The disappearance of a young writer over a decade ago is only the tip of the iceberg in this cobwebby 22nd thriller from Cook (Master of the Delta, 2008, etc.).
In the days when he was a travel writer, George Gates roamed the world. But he’s rarely ventured outside his hometown of Winthrop since the day his son Teddy, eight, vanished from the rainy bus stop from which his widowed father had promised to pick him up. Now something has sent Gates on a new kind of voyage. A profile he’s writing for his local newspaper on Arlo McBride, who retired from Rhode Island’s Department of Missing Persons years after Teddy was found dead, kindles his interest in the case of Katherine Carr, a promising poet who went missing five years after an earlier attack left her for dead and turned her into a recluse. In the most affecting sequences, Gates joins Alice Barrows, who’s dying of old age at 12, to read over a cryptic tale Katherine left behind and mine it for clues to her own life. Other characters from the present and past, and from the world of Katherine’s imagination, float by, the most mysterious of them Mr. Mayawati, the exiled survivor of a village massacre to whom Gates tells his story. But none of them throws much light on the fate of Katherine, or threatens to dislodge her and Gates from their troubled central roles.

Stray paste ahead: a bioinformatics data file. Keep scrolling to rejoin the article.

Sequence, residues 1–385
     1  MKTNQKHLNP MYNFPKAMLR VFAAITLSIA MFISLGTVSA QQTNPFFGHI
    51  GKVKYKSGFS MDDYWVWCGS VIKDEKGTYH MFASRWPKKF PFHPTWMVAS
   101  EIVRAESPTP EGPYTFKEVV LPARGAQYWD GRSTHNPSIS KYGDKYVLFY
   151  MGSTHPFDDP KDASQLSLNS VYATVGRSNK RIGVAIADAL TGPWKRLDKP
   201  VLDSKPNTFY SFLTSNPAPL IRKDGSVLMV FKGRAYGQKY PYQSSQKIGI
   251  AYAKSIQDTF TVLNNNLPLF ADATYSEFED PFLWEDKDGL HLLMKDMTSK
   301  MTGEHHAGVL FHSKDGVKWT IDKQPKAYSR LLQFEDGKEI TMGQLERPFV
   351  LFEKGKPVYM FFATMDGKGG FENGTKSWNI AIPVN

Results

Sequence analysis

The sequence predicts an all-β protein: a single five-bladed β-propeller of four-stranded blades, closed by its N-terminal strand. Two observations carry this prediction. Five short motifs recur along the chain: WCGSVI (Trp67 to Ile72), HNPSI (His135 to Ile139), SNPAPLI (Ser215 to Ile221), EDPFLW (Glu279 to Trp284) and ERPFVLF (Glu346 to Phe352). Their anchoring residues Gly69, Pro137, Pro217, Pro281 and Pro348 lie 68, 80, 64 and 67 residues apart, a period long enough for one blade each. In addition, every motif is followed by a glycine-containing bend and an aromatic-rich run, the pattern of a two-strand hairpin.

The climax manages to be sobering and satisfying without tying up all the loose ends of Cook’s most obscure puzzler.